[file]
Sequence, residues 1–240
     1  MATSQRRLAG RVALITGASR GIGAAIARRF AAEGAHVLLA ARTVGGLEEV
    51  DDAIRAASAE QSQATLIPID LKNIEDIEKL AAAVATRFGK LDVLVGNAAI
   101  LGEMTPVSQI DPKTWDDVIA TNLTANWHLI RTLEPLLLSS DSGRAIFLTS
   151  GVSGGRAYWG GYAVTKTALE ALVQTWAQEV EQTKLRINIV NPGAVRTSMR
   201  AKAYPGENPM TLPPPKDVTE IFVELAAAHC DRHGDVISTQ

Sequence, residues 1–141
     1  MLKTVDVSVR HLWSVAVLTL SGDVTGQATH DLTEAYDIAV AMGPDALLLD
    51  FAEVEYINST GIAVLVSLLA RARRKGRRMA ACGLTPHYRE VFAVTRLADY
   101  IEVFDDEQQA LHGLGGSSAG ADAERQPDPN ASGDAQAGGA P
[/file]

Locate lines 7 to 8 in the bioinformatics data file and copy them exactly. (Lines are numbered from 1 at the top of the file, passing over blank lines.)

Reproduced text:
Sequence, residues 1–141
     1  MLKTVDVSVR HLWSVAVLTL SGDVTGQATH DLTEAYDIAV AMGPDALLLD